"Since all of the media resides in these polluted areas, they can't see out into the wilderness, where the air, the water and the land is pristine. Therefore, they can only report on the pollution."


They can't? Scientists can't observe and journalists can't write? Thanks for a denialist argument so risible that it flunks the most basic test of logic.

AZREB writes:

"On a planetary scale, I find it quite audacious for mankind to think they can have a meaningful impact on global dynamics..."

This denialist non-argument is common and employs a kind of cracker-barrel empathy for ignorance. "I must be kinda dumb because I looked at my family tree and didn't see no monkeys". Well, yes, science is audacious to those who regard comfort as an epistemological system. But on its own terms science only does what its methodology allows. It's perpetually self-correcting because those that do it are bound to critique one another. So, unless you're positing a huge global conspiracy among scientists to fudge the data, what would account for such institutional bias and malevolence? One scientist might well be wrong, and a particular research team might be misguided. But all of them? Everywhere?

The curious thing about this non-argument is that it is compelling if only as an example of psychological projection. Polluter propagandists at right-wing think tanks do fudge the data insofar as they make tendentious arguments out of minor data sets. It's like claiming because 1998 was a very hot year that every year since then has been cooling (that's wrong even on its own terms, but....). Why hasn't global warming theory been challenged in its most basic premises? Because atmospheric physics is not an opinion.


AZBEB writes:
"We still can't comprehend the life cycle of a 2,000 year old tree. It is too long of a span of time in relation to our measly 75 years. So, how on earth can we grasp the ebb and flow of a 4.5 billion year old biosphere??"

This appeal to mystified ignorance would make Rush Limbaugh and his dittoheads giggle. It suggests scientific knowledge is inadequate to explain anything. Now, if the person making this argument were a scientist, the humility might be reassuring. But when the argument comes from someone denying basic science, then warning flags unfurl. Not knowing things does not invalidate what others do know. If you know something to be wrong, then it's incumbent to present your evidence. If you're globally positing ignorance as an inescapable and perpetual condition of human beings, you're extrapolating from an individual condition and making it universal.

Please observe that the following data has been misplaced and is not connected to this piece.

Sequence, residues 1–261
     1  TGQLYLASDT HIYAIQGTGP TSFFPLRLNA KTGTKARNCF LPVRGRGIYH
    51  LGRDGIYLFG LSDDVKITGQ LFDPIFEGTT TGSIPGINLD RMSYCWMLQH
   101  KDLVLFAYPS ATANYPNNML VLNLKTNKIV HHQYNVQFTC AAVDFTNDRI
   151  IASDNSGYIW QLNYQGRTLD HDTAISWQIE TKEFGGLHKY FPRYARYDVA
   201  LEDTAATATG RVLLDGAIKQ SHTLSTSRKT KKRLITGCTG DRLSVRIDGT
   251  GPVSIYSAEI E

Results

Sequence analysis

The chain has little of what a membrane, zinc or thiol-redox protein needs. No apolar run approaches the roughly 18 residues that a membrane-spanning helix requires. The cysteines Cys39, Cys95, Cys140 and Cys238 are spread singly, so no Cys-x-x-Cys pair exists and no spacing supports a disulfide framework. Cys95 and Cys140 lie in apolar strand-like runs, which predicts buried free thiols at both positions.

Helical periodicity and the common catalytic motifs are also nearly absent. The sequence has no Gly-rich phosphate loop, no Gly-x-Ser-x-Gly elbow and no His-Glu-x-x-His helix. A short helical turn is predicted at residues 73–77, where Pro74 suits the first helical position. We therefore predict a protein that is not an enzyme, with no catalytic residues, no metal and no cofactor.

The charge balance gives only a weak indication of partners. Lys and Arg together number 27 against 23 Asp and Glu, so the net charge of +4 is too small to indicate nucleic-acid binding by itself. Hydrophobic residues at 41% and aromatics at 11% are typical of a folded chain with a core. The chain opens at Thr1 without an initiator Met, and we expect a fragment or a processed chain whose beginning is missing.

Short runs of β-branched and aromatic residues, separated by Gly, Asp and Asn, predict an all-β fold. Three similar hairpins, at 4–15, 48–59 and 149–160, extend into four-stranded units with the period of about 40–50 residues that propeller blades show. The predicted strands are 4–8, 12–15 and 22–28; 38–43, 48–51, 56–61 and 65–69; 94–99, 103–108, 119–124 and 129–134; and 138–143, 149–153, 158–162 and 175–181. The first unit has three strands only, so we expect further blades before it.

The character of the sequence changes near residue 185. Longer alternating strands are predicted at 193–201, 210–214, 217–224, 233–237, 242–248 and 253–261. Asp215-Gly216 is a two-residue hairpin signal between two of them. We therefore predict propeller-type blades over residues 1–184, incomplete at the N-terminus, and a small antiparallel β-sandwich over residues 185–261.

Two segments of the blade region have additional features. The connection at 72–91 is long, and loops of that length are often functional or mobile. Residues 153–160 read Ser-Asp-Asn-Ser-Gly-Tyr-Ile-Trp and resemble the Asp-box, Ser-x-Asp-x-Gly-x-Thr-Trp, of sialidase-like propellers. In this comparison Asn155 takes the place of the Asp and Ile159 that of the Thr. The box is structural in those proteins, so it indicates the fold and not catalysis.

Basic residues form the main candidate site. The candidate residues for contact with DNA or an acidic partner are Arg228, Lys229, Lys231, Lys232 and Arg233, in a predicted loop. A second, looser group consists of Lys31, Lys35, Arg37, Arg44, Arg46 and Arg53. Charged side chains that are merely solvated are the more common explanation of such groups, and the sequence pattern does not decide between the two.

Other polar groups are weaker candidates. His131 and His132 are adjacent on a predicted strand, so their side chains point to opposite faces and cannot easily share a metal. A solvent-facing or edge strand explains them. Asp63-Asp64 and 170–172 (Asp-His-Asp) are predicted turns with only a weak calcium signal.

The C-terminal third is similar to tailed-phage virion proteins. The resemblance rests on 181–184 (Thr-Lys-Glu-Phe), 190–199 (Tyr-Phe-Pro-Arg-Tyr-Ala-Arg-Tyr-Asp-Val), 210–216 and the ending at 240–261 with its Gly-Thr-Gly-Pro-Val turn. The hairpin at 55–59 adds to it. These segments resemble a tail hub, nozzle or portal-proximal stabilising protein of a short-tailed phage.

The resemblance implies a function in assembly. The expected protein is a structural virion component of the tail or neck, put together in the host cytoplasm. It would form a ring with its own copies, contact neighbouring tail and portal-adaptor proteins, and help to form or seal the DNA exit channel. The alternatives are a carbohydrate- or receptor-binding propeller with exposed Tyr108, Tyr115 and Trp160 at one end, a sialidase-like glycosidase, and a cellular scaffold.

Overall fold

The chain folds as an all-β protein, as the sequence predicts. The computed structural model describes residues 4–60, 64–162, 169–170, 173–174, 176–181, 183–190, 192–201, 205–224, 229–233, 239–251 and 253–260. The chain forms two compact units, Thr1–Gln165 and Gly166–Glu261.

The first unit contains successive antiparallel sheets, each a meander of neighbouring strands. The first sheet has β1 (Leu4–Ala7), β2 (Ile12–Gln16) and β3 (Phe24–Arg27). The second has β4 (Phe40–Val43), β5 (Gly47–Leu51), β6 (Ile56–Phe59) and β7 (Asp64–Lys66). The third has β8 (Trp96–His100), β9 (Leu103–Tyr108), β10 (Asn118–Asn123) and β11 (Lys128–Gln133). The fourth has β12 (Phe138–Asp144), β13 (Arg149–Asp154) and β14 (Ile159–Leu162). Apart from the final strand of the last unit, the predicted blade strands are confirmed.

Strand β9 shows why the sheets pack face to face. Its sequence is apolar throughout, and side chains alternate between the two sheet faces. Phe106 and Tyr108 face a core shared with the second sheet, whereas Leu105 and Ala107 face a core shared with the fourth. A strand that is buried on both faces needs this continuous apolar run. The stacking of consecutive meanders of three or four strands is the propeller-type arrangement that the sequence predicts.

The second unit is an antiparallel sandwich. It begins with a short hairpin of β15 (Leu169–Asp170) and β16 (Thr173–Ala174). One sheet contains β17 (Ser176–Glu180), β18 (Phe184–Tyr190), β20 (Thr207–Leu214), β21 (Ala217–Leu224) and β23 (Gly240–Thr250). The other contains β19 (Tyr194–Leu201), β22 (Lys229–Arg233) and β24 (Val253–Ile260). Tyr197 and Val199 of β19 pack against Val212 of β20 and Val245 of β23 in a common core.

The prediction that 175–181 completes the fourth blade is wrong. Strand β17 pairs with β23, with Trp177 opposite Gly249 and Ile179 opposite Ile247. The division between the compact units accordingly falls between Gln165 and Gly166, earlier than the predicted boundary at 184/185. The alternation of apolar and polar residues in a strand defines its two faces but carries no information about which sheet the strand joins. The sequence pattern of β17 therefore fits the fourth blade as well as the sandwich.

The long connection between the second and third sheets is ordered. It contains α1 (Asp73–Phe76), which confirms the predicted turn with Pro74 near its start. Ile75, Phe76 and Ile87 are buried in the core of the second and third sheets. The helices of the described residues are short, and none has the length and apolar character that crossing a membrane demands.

Denialism is fun. It makes some people enjoy the thought of somehow "knowing" more than those smarty-pants scientists with their ivory-tower airs. I understand the anti-elitist impulse at work here. But assume for a moment that you might be wrong. Assume that science is not a conspiracy but valid in its fundamental premises. You would, if you are not a sociopath, want to do everything possible to avert a global catastrophe these scientists are warning about. Because if they're wrong, the worst thing that would happen was losing a few points of GDP growth. If they're right, then you behaved in the only way a morally sentient person would behave.

But first you have to acknowledge you could be wrong. Something tells me you won't do that. Individually, this won't matter. Collectively, it is doom.

soleri, I do way, way more than most people to reduce my carbon footprint. A few posts back, I challenged all of you on this blog to take a simple test to see how you all stacked up on water conservation. I wanted to see if all of you talked the talk and walked the walk. As you can see, the response was very disappointing. Why talk, talk, talk on a blog then go out and do the opposite? Besides the main point I tried to make about the arrogance of mankind in relation to global impact, is my biggest concern that we are fighting the problem at the wrong level. Over-population is the main problem. We need to deal with that, not the end result of over-population which is pollution. Why is over-population untouchable and not allowed to even be discussed? Here's a simple equation: People = Pollution. It is impossible to reduce pollution without reducing people.

Do I believe our globe is warming up? Yes, I do. Heck, all you have to do is go up to Glacier National park, stand there and say "Dang, where did all the glaciers go!"

What's the cause? I don't know. I bet it's a combination of things which won't become clear to man until eons from now.

If all of us on this blog got together and said "let's do everything possible to stop man's impact on global warming, who among us would have the strength and charisma to talk 300,000,000 Americans away from their TV sets, computers, iPhones and Crackberries to pay attention to our plea?